However, in disability culture, we have a lot of people who are documenting rather than creating, or at least they are doing an equal balance of both. For example, Mia Mingus’ vital blog, Leaving Evidence, has it right in the title. Disability activism and identity is about leaving a trail of stories, of suggestions, of yearnings for the future. Similarly, Talila A. Lewis’ practice of continuingly updating a working definition of ableism is a testament to this commitment to thinking in terms of community and those who come after rather than assuming some all consuming power over the narrative around disability. Another option is the hashtag #StaceyTaughtUs that appeared after American activist Stacey Park Milbern’s death, alongside a syllabus of Milbern’s impactful work. Of course, there are thousands of examples, but the larger point is that framing our work as creating—whether we’re disabled or not—can be dangerously about our egos. By documenting we are already creating from an informative rather than a reactive or selfish place. How we leave that evidence is blissfully up to us.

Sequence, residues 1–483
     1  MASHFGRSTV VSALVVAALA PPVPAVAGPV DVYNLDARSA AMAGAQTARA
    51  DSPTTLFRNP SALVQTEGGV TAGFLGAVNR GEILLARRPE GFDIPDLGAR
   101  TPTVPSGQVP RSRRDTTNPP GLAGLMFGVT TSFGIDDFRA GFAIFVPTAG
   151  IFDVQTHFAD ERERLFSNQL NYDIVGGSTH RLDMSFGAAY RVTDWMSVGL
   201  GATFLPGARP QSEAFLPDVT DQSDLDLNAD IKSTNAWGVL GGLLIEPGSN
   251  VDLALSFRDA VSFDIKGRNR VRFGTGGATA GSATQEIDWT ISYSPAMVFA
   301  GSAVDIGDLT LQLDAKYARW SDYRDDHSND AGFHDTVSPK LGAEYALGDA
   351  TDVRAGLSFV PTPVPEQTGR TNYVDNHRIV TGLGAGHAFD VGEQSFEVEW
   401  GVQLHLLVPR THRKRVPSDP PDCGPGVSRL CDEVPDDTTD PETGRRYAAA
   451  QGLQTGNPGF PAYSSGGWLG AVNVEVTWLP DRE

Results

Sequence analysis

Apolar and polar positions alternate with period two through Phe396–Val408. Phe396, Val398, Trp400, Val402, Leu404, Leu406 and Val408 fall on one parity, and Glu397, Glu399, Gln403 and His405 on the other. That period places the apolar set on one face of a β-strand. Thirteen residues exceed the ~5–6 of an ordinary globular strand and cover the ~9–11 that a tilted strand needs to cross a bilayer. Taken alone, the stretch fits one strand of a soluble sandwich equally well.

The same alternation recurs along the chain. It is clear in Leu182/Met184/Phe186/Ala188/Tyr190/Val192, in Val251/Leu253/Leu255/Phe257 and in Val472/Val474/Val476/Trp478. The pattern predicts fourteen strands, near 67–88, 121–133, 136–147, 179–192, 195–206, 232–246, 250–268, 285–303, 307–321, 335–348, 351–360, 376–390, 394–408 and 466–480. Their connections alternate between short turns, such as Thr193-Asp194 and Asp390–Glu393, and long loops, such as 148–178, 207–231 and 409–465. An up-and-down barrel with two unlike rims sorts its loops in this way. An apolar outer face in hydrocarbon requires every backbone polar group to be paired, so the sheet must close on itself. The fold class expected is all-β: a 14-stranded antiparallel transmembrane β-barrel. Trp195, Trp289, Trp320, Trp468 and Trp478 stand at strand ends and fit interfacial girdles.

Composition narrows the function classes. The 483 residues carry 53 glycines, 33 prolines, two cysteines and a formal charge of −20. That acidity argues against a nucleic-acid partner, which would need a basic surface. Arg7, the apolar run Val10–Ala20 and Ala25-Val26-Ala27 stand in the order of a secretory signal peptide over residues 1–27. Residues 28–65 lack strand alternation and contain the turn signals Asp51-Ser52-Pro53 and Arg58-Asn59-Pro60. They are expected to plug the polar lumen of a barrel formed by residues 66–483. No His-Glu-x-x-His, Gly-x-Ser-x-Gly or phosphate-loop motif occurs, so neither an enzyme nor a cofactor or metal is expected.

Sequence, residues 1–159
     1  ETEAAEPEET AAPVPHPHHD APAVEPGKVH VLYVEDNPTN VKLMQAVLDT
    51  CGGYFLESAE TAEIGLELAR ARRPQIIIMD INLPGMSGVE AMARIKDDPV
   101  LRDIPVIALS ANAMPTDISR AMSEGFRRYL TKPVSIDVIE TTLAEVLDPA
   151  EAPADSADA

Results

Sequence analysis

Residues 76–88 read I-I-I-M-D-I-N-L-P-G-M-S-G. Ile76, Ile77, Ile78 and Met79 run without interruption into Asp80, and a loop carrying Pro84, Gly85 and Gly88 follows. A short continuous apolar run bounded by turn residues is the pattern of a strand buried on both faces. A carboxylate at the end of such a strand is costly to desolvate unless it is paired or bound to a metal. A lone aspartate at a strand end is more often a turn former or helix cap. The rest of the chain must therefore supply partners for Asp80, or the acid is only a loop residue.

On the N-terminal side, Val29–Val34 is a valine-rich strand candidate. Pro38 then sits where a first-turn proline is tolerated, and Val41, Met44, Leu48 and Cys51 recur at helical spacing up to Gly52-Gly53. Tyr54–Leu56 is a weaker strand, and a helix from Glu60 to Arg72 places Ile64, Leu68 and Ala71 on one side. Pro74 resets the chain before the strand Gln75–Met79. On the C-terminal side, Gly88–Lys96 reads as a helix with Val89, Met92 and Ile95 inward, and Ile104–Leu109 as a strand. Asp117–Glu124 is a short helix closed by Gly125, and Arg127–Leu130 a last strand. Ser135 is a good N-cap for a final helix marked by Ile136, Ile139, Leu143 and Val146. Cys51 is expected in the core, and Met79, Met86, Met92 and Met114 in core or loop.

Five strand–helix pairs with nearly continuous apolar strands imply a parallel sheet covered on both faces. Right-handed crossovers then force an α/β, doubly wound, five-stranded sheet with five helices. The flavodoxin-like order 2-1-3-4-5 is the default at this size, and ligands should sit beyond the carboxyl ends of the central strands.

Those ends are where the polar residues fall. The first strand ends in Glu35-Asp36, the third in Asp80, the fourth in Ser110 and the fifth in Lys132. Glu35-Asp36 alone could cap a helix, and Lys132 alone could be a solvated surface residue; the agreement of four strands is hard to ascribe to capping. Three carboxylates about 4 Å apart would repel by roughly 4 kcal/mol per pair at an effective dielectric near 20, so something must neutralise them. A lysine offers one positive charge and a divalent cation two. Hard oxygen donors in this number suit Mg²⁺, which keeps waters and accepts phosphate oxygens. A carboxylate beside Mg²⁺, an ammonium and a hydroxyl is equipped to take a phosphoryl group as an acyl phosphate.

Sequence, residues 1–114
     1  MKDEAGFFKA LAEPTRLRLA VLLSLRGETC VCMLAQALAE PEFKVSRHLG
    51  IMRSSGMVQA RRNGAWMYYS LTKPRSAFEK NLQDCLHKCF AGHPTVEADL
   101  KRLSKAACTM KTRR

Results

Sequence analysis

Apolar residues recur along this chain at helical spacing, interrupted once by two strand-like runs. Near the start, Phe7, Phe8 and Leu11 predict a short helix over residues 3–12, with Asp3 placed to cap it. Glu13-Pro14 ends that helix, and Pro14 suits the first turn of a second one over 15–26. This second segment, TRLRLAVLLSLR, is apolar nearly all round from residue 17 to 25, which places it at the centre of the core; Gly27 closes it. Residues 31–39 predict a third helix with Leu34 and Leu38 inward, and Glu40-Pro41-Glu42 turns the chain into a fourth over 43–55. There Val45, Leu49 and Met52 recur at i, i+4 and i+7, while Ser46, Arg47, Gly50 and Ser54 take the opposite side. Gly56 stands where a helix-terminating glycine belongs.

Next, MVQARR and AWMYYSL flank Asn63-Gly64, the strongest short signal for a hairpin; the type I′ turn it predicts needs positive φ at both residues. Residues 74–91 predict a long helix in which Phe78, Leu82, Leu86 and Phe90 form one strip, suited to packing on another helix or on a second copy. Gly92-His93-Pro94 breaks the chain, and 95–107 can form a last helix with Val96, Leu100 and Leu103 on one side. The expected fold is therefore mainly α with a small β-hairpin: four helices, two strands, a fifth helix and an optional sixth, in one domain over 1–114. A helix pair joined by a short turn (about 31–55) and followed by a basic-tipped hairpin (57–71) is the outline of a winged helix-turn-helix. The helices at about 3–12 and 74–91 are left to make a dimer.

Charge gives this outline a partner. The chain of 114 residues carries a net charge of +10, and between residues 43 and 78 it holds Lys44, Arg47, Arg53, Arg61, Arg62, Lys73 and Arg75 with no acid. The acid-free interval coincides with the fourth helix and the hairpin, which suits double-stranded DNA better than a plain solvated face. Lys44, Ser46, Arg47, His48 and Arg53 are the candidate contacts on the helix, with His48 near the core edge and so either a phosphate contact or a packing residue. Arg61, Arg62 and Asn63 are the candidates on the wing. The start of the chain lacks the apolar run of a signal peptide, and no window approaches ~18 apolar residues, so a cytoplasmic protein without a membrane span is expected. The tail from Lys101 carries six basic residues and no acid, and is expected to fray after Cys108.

In terms of productivity, I think understanding how we are documenting our lives, even though it’s unlikely to be through Vaynerchuk’s very business-y lens, can help us frame our habits, our intentions, and the ways we choose to organise our lives. Here are three ways that you can conceive of yourself as documenting over creating. 


Admit it, at least half of you just rolled your eyes. I don’t mean journaling in the traditional sense, when I launched the revamped CRPL last week I acknowledged that this would be as close to a journal as I’d get, I mean the way which you document your life via habit. For example, I’m rocking a 90 day duolingo streak, I can tell how I’m feeling based upon whether I just do a tiny lesson to keep my streak or do multiple large lessons to try to dominate that leaderboard (once an athlete, always an athlete). Maybe it’s the type of tea you decide to drink each morning, maybe it’s the type of workout you decide to do day-to-day, maybe it’s how long of a shower you had (or if you had one at all). We leave evidence via our habits, documenting those habits can help us leave evidence, to paraphrase James Clear, of the person we are working towards being.